Alignment Maximizes Your Partnerships


Long-term value comes from a shared long-term vision

Bright and early on Tuesday, October 18, I gave a talk on maximizing corporate partnerships alongside a colleague who talked about organizational purpose and its benefits. The two actually have significant overlap, as the alignment between nonprofits and corporations is critical, and that alignment largely comes down to values.

The session was done roundtable style (my favorite) and produced plenty of good dialogue. Typical for my presentations, there was a demand for real-life examples, stories that illustrated how things are supposed to work, or how they could work better.

Since the two presentations went together and built upon one another, let’s start with some highlights on purpose that I found valuable:

  • There is a difference between purpose, vision and mission. A way to remember those differences is to say that purpose guides you, vision is where you aspire to me, and mission drives you forward.

  • A study by the Harvard Business Review found that purpose-driven organizations simply do better: “Purpose-driven companies make more money, have more engaged employees and more loyal customers, and are even better at innovation and transformational change.”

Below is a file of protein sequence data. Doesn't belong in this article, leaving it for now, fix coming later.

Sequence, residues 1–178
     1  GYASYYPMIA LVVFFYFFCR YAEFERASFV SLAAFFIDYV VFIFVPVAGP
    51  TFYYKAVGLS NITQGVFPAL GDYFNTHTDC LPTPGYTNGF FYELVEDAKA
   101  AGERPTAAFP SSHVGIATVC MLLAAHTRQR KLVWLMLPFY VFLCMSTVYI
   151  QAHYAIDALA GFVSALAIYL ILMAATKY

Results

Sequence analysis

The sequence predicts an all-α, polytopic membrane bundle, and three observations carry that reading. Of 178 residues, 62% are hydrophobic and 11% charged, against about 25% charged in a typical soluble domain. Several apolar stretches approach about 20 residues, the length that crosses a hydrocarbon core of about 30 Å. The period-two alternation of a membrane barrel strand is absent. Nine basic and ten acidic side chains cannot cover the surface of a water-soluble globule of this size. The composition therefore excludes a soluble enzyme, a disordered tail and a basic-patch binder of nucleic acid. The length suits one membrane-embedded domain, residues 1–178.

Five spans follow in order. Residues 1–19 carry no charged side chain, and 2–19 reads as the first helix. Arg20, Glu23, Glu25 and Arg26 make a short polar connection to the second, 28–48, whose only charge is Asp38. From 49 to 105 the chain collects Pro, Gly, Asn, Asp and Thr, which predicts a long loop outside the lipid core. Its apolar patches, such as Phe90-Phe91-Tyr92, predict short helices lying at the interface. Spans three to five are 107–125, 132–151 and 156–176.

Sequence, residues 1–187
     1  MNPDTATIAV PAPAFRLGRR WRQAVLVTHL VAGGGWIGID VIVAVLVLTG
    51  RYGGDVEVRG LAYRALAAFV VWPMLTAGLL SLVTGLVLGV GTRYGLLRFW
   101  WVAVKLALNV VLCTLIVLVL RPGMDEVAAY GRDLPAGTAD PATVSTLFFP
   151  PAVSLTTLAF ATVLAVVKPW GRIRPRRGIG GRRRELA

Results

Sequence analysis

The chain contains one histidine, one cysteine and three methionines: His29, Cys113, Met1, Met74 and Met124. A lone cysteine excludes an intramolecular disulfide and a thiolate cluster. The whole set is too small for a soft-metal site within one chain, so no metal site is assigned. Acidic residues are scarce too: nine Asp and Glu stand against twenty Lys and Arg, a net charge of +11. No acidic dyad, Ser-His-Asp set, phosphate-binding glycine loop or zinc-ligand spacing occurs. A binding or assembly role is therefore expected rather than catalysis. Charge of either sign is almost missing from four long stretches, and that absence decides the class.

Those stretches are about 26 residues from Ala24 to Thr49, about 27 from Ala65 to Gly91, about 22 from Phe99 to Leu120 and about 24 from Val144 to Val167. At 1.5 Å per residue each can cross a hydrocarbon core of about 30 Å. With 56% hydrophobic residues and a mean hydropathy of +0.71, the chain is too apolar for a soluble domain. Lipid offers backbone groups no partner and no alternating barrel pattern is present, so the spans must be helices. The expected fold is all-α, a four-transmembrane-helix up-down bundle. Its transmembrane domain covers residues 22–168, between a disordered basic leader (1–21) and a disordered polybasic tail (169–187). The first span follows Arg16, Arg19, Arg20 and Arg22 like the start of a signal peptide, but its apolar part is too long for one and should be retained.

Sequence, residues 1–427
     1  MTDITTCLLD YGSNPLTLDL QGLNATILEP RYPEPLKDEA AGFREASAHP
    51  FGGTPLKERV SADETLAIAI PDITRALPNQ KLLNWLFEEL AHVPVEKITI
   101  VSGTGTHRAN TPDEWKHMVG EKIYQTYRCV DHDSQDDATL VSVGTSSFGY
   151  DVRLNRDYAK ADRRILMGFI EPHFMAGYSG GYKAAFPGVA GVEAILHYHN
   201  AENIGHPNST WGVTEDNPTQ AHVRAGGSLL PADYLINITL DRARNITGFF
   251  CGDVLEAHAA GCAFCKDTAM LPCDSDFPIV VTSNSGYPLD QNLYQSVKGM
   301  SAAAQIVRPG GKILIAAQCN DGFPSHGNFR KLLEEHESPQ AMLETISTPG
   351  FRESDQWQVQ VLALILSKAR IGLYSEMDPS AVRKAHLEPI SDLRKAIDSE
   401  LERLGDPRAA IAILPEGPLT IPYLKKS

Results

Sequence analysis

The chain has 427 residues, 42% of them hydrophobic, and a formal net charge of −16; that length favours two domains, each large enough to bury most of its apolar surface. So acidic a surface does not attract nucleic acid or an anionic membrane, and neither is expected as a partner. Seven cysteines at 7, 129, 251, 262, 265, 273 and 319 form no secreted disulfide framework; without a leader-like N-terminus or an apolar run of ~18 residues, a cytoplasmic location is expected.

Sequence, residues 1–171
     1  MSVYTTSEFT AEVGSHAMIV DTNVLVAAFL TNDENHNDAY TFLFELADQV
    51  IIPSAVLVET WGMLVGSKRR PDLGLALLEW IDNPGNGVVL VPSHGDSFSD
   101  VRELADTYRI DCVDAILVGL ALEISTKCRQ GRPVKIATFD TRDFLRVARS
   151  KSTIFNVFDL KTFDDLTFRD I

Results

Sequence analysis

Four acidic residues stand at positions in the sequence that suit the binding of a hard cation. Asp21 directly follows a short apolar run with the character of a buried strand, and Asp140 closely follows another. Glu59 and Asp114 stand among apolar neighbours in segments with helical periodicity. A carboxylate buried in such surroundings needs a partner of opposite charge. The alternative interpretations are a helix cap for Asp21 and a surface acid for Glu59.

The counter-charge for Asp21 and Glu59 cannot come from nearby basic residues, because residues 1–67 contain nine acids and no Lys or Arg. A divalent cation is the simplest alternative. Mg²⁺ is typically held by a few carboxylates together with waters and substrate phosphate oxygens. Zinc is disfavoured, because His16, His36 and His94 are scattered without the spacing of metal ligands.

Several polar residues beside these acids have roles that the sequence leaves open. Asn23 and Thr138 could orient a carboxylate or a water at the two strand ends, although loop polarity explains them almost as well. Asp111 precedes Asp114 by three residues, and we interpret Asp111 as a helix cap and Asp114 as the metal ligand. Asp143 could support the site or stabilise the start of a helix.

• According to the 2018 Cone/Porter Novelli Purpose Study, nearly 80% of customers say they are more loyal to purpose-driven brands than traditional brands, and nearly ¾ are more willing to defend them or pay a premium for them.

  • The corporate world now sees that purpose and profit go hand in hand, which provides more viable and creative opportunities for non-profit partnerships.

  • There are six key traits of purpose-driven organizations.

Beyond selecting the corporation as the nonprofit (or the charity as the company), partnerships come down to people. Here are some take-aways from my presentation:

  • Sponsorships and partnerships are not the same; partnerships are something with great depth and indicate a long-term relationship. Sponsorships are usually tied to events and benefits focus exclusively on visibility.

  • Mission alignment is the key to a strong corporate partnership. According to the 2015 Corporate Partner Survey conducted by For Momentum, 92% of corporations stated that brand alignment is the most important factor when selecting a nonprofit partner.

  • It’s important to nurture the relationship at several different points of contact. Connect deeply.

  • “The best partnerships aren't dependent on a mere common goal but on a shared path of equality, desire, and no small amount of passion.”

The group enjoyed the dialogue so much that we will be offering these sessions again in early December. I hope you can join us!

Katie Burkhart